The guidelines to the project were: A) The bridge had to hold at least one kilogram (1kg=2.2lb) and B) the bridge had to be made out of one object in the recycle bin. Here is what we did for our project.

We used newspaper and scotch tape.

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Here is the draft that my oldest drew for what he thought the bridge would look like. I would like you to note the star shape under the bridge!

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For my preschooler, I printed out different bridges and had him circle ones he liked.

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Next, we rolled up the newspaper in order to make it sturdier, like sticks. We rolled up half sheets, then cut them in half again for the bridge supports. For the main bridge, we rolled up a whole sheet for the bridge decking.

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Our supports. I helped with this phase, I think we rolled up 12 pieces of newspaper to make 24 supports.

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The boys figuring out how to attach them together.

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My oldest went back to his drawing and decided the star design was the strongest. He went to town with the tape.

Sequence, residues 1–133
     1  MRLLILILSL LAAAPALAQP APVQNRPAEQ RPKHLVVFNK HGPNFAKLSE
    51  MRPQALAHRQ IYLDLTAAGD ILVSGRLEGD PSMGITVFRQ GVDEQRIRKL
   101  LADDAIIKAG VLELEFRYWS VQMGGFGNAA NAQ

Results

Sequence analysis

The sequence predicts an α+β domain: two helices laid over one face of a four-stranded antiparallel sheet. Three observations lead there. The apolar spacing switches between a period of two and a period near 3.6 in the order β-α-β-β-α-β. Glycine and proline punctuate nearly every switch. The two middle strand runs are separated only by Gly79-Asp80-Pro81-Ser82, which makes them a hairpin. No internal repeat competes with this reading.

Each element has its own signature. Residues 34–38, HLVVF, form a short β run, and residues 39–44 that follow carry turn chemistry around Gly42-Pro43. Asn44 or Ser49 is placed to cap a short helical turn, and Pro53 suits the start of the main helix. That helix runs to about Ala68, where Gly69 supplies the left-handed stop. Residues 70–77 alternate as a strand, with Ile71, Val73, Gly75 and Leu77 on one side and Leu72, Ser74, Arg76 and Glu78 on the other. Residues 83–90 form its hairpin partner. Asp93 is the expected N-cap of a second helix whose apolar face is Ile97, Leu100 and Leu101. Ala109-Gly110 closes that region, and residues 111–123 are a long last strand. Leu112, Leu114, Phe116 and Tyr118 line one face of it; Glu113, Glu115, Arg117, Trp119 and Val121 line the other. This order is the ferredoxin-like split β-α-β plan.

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Cutting to level the supports.

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The bridge decking, and all the leg supports.

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The preschooler was Captain Tape Giver Person

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He also measured the length and width of the bridge.

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The bridge was 32 inches long, and 6 inches wide.

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My oldest then went to taping the star shaped supports to the bridge deck.

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The bridge is finished! We did have some problems with leveling (my husband later surmised it may have been sturdier on carpet, or another more giving surface than hardwood).

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First test: EPIC FAIL!

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We decided that scotch tape was not strong enough, so we went back and reinforced the supports with duct tape. SUCCESS!

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Overall, this was a super fun and exciting project. My oldest did most of this, from drawing the bridge, to figuring out how to make it from the supports, to being sad about it not working, to suggesting the duct tape. We even made a video where he explains everything, if you want to watch. Thank you again, Science Sparks, for hosting this great event! We look forward to what’s in store for next month!

 

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Adventures In Mommydom

Science Sparks

Lasso the Moon

Inspiration Laboratories